Etymology
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Words related to Book

songbook (n.)
Old English sangboc "church service book;" see song (n.) + book (n.). Meaning "collection of songs bound in a book" is from late 15c.
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story-book (n.)
1711, from story (n.1) + book (n.). As an adjective from 1844.
textbook (n.)
also text-book, "book used by students," 1779, from text (n.) + book (n.). Earlier (1730) it meant "book printed with wide spaces between the lines" for notes or translation (such a book would have been used by students), from the notion of the text of a book being more open than the close notes. As an adjective from 1916.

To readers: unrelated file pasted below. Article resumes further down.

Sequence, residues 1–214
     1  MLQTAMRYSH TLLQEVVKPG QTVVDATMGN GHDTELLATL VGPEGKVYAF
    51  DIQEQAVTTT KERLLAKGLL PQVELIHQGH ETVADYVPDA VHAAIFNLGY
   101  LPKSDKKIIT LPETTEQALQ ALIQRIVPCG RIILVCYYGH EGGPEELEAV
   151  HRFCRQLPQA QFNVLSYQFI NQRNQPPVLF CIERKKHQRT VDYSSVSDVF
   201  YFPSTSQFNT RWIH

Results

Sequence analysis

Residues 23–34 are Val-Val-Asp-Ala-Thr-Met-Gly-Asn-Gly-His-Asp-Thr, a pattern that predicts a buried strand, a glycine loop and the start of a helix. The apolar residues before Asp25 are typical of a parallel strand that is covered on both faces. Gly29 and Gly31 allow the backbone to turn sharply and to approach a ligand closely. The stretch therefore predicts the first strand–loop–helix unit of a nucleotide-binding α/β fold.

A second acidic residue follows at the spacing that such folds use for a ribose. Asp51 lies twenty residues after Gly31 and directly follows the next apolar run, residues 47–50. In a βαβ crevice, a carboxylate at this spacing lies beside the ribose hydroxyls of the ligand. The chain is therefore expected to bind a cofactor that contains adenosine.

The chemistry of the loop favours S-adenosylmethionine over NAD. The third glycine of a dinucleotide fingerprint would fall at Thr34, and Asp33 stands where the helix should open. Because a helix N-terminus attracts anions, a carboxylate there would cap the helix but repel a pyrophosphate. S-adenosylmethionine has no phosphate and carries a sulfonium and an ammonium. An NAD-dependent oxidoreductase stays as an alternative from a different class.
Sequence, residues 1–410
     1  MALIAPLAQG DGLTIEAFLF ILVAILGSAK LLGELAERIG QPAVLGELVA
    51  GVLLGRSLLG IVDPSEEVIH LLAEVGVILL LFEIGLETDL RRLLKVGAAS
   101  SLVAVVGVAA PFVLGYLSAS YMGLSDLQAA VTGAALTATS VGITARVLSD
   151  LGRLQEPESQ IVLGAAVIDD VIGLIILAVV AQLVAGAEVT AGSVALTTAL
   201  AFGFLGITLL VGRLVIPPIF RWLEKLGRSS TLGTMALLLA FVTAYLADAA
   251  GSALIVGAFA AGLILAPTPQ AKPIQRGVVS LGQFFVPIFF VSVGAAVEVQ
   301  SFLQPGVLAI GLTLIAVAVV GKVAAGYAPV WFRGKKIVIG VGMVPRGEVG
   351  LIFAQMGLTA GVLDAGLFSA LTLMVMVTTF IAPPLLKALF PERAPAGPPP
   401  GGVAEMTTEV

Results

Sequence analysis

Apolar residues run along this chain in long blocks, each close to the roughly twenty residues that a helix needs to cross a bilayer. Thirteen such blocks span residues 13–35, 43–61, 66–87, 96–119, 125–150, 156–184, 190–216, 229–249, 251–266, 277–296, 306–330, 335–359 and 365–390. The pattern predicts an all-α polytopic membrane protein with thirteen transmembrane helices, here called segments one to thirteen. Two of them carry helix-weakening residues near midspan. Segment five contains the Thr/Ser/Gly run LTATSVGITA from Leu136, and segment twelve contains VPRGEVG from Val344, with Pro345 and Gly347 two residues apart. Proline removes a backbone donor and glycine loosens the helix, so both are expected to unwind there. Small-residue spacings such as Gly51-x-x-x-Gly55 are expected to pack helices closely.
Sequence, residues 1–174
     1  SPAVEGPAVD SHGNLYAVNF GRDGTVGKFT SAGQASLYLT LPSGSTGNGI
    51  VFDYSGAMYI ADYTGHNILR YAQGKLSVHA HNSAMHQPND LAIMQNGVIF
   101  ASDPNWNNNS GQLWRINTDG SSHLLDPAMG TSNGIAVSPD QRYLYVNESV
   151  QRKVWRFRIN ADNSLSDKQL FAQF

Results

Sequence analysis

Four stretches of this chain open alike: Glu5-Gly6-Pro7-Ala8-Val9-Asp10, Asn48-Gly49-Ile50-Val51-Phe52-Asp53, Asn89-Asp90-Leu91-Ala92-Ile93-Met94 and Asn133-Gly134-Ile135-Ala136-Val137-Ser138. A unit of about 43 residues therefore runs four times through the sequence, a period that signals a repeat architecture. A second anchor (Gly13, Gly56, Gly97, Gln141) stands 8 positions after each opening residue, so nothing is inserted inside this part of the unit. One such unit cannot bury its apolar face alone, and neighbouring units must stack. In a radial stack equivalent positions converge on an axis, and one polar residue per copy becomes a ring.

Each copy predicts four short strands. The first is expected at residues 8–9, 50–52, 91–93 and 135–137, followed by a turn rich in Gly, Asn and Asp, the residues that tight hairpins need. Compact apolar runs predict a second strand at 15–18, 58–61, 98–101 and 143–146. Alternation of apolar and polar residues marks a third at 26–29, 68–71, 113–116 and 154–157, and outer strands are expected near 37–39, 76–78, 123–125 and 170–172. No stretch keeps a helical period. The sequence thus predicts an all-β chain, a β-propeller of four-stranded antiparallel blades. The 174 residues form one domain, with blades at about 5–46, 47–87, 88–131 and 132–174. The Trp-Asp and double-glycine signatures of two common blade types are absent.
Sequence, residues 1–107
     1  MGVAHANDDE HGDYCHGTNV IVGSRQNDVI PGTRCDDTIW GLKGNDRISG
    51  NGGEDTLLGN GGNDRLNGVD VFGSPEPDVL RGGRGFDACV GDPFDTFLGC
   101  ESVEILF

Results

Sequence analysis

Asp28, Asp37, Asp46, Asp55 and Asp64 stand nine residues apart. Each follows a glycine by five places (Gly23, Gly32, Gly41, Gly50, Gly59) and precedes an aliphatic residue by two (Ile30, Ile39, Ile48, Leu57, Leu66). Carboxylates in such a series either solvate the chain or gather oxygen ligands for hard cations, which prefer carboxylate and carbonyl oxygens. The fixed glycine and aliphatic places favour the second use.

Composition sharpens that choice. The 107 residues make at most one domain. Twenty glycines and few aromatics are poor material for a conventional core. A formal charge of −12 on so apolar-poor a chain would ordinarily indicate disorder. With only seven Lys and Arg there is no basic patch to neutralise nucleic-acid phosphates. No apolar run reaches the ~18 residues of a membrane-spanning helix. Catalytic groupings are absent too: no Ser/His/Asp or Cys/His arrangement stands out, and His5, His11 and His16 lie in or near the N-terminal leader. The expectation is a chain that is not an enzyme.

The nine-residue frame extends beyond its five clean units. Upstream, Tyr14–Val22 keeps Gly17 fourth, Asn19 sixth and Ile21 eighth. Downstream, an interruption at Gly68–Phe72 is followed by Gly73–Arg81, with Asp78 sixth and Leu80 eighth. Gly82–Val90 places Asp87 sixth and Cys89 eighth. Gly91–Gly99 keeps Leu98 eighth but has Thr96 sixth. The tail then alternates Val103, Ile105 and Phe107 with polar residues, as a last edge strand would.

workbook (n.)
1910, from work (n.) + book (n.).
yearbook (n.)
also year-book, 1580s, "book of reports of cases in law-courts for that year," from year + book (n.). Meaning "book of events and statistics of the previous year" is recorded from 1710. Sense of "graduating class album" is attested from 1926, American English.
overbook (v.)

"to sell more tickets than there are seats," by 1861, from over- + book (v.); originally in reference to coaches. Related: Overbooked; overbooking.

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